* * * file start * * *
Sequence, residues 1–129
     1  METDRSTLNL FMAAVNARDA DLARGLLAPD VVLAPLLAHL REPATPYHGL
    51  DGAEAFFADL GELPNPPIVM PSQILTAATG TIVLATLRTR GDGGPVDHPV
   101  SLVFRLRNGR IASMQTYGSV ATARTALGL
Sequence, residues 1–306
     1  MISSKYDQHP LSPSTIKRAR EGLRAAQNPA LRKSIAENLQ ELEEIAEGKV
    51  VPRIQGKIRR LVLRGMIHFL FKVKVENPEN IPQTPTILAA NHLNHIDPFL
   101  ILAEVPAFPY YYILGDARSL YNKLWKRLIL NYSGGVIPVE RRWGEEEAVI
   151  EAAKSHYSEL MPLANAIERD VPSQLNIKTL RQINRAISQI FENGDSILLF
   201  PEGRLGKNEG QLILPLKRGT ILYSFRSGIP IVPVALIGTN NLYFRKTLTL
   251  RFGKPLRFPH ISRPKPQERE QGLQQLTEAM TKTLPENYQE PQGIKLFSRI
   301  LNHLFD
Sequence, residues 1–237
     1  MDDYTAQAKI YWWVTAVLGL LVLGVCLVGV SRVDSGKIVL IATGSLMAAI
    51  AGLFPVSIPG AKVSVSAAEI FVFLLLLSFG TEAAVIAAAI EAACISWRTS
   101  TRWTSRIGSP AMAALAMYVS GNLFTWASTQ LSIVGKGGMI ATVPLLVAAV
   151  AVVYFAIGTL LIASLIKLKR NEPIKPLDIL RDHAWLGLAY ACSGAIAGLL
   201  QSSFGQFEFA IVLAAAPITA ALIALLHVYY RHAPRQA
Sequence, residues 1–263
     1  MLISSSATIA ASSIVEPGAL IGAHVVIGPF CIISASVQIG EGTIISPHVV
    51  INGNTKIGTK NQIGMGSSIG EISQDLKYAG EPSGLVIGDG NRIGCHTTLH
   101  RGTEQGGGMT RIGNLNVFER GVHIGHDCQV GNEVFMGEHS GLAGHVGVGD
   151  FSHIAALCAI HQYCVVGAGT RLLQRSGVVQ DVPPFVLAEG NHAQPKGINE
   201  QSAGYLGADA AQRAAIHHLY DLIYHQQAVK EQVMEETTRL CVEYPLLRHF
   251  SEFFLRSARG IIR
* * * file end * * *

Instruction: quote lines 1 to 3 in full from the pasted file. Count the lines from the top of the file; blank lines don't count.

Sequence, residues 1–129
     1  METDRSTLNL FMAAVNARDA DLARGLLAPD VVLAPLLAHL REPATPYHGL
    51  DGAEAFFADL GELPNPPIVM PSQILTAATG TIVLATLRTR GDGGPVDHPV